Post Mortem

Post Mortem
Resisting the Next Generation

Daniel Purvis | 22 Apr 2008 09:29
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An odd thought, isn't it, that the people that need to make the most of new technology and drive development forward are those generally less welcoming of the next evolution in tech? But Albrecht's assertion that programmers in general are resistant to change has plenty of support.

One of the reasons programmers resist learning new technology is due to the sheer complexity of essentially relearning their job - "a change of operating system or code language is much more complicated than a change in many typical work processes," says Ricky Ohl, Senior Lecturer of Games Programming at Qantm College in Brisbane, Australia. For instance, whereas a concept artist may continue to use PhotoShop, something with which he may have 10 years of experience, a programmer may potentially have to throw code he's been optimizing for years out the window with each and every new console. Adapting to new technology takes time, which in turn reduces productivity. Taking this into account, it's easy to see how a programmer might be hesitant to discard the old for the new.

Leanne Bartlett, Senior Programming Teacher at the Academy of Interactive Entertainment (AIE), offers another explanation for why programmers might actively resist change. In her experience as a teacher, she's found that programmers are generally perfectionists, a necessary trait for the job but one that can result in programmers who "don't like to leave something until it's absolutely perfect."


In an effort to break in new student programmers seeking work in the gaming industry, the AIE "tortures" their programmers by putting them on a very tight schedule and then shifting them - "we get them to swap projects with each other and get them to work on each others code," says Bartlett. "We try to break those [resistant] habits in them."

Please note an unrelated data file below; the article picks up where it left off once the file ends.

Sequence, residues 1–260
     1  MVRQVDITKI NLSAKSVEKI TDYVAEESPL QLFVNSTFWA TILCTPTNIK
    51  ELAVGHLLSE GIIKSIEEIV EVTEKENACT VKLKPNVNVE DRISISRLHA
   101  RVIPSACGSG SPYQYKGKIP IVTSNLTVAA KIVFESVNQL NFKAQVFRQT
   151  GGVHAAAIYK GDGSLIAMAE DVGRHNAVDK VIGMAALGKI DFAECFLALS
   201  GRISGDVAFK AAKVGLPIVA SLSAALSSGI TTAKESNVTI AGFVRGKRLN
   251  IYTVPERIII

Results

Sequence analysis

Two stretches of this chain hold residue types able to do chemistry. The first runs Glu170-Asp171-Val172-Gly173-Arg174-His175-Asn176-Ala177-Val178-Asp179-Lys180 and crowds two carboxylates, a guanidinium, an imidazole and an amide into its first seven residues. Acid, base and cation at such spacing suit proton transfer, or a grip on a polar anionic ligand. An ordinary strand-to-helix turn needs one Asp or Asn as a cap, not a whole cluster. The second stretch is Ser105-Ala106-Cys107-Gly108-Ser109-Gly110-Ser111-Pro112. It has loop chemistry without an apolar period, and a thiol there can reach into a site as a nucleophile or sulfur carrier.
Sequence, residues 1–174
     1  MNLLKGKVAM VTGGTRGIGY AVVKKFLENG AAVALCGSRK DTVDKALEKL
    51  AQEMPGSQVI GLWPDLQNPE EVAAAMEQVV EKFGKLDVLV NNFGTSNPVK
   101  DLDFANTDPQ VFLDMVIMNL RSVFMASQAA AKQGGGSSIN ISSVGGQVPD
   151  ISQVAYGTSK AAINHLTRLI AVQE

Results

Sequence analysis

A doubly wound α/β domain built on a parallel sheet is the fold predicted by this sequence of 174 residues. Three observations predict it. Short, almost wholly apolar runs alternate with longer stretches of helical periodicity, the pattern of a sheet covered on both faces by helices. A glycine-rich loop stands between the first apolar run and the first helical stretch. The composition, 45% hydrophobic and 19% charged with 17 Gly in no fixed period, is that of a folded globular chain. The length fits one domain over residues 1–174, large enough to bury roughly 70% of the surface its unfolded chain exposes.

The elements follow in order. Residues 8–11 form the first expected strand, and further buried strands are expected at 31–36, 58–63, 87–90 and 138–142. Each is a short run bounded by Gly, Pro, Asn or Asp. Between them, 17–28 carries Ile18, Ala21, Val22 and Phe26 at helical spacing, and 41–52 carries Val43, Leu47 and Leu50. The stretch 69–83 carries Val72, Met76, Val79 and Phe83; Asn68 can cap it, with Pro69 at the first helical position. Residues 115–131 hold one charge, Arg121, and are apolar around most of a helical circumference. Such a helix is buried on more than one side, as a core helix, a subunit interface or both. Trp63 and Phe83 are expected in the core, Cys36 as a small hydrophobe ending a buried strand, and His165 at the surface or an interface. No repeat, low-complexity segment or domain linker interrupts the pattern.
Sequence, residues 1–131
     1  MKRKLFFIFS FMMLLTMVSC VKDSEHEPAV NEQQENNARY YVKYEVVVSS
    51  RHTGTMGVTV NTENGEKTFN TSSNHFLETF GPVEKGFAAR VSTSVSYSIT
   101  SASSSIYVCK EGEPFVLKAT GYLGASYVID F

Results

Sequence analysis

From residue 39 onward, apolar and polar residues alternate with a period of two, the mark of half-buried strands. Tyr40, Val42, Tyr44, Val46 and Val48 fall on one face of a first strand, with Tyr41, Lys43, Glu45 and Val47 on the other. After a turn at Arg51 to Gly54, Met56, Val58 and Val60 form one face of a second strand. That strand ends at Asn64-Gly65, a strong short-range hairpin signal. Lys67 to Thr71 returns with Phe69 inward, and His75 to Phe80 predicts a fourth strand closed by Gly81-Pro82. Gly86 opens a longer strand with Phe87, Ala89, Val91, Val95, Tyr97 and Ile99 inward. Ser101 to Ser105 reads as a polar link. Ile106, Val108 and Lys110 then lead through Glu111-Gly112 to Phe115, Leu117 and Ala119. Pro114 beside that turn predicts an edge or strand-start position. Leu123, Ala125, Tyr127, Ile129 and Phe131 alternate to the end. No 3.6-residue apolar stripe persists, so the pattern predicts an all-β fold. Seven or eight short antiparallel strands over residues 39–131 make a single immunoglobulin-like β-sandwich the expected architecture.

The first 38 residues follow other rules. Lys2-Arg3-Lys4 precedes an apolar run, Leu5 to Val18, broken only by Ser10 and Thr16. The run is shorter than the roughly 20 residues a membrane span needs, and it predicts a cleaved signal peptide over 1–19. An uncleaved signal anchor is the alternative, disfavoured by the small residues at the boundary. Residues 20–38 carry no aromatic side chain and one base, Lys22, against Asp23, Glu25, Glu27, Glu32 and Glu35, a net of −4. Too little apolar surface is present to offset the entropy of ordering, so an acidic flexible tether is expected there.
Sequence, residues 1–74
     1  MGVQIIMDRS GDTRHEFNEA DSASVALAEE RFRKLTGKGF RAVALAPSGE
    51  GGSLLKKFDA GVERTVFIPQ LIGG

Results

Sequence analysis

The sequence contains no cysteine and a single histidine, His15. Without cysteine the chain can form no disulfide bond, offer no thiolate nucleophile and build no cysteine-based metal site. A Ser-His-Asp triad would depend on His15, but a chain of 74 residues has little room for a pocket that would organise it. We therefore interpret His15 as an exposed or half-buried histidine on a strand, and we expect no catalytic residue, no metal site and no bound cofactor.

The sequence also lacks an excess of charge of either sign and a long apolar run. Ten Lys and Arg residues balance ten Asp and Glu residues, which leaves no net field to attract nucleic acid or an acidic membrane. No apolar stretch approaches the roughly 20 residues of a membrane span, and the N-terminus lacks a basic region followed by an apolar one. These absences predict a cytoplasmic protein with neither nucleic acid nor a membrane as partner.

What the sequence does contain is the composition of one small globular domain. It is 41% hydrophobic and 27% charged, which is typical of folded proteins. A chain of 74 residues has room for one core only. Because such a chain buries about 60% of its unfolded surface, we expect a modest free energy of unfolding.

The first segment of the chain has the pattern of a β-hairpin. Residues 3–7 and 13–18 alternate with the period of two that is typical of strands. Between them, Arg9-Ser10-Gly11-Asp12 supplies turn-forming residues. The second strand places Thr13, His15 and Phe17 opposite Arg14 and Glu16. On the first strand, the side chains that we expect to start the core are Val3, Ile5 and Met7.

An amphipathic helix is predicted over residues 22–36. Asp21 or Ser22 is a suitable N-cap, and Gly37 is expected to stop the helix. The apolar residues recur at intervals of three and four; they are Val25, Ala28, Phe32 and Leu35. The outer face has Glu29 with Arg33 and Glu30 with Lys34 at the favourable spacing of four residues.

Qantm takes a similar approach in educating their up-and-comers by "diversifying and exposing the students to as many different environments as possible," explains Tim Peach, a lecturer in game programming, "to equip them with not only the skills to program under different environments but also, and more importantly, the skill to teach themselves to program/problem solve under different and often new environments."

Teaching programmers to problem solve and adapt is more important, according to Albrecht, than actually teaching programmers how to program specifically for current generation consoles. "I don't think it's possible to teach programming, in particular, that will be directly applicable to current-generation consoles. You can teach good programming behavior and get them to actually build a game with artists, designers and producers. You can learn a lot from that."

Albrecht's message is clear: "Programmers need to be able to adapt. They need to change with the times. Just because you have spent five years learning a certain flavor of shader language and are proficient in Direct3D doesn't mean that the console you are working on will present you with that interface. The Sony consoles are a classic case of that - you have to relearn everything about the system [from each PlayStation generation to the next].

"Working on consoles is like climbing a mountain. You can climb one mountain over and over again and get really good at it (which is what a lot of programmers like and prefer) or you can challenge yourself and use what you've learned from climbing other mountains to help you climb new ones."

After talking to so many programmers, I'm inclined to spare a thought not just for the artists that created the remarkable character models and envisioned the environments of the latest epic, but for the programmers behind the scenes that have worked hard to ensure the newest games are running at a blistering 60 frames per second on whatever console I choose to play. Code hard, ye' monkeys, and let the next generation of consoles be many years away.

Daniel Purvis is an Australian gamer still praying his country will pull inline with the rest of the world and establish an adult R18+ rating for videogames. He is also Editor of and blogs infrequently at

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